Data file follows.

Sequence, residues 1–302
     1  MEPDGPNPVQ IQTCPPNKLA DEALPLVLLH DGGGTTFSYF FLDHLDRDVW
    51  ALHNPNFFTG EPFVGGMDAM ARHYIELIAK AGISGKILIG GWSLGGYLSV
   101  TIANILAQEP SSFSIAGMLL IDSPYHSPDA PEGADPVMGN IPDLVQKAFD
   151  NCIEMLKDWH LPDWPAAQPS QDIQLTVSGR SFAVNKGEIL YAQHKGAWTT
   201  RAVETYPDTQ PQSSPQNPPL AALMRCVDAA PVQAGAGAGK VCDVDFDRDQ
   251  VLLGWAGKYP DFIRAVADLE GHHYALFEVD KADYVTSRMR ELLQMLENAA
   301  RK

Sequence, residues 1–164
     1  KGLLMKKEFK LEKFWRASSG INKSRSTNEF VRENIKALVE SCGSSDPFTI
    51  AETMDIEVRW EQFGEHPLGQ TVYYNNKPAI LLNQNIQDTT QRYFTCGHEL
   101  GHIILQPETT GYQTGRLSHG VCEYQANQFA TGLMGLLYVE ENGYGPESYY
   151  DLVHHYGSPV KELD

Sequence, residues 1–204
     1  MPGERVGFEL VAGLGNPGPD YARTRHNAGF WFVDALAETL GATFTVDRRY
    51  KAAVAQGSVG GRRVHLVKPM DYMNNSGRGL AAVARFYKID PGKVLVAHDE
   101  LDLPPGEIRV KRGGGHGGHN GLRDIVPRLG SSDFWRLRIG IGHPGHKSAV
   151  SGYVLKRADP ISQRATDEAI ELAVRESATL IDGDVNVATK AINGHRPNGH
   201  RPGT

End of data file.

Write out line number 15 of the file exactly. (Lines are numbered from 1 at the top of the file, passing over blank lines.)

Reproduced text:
     1  MPGERVGFEL VAGLGNPGPD YARTRHNAGF WFVDALAETL GATFTVDRRY